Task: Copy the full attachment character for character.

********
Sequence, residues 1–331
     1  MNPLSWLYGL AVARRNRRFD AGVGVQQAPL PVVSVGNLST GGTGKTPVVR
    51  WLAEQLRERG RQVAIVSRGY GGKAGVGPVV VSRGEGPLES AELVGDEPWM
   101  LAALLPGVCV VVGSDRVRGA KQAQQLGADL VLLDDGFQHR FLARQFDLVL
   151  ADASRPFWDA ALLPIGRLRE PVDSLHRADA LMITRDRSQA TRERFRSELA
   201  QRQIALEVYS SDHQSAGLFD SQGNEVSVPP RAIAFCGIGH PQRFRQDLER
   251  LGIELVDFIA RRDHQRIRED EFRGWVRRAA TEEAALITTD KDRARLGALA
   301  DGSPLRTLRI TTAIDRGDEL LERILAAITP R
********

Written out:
Sequence, residues 1–331
     1  MNPLSWLYGL AVARRNRRFD AGVGVQQAPL PVVSVGNLST GGTGKTPVVR
    51  WLAEQLRERG RQVAIVSRGY GGKAGVGPVV VSRGEGPLES AELVGDEPWM
   101  LAALLPGVCV VVGSDRVRGA KQAQQLGADL VLLDDGFQHR FLARQFDLVL
   151  ADASRPFWDA ALLPIGRLRE PVDSLHRADA LMITRDRSQA TRERFRSELA
   201  QRQIALEVYS SDHQSAGLFD SQGNEVSVPP RAIAFCGIGH PQRFRQDLER
   251  LGIELVDFIA RRDHQRIRED EFRGWVRRAA TEEAALITTD KDRARLGALA
   301  DGSPLRTLRI TTAIDRGDEL LERILAAITP R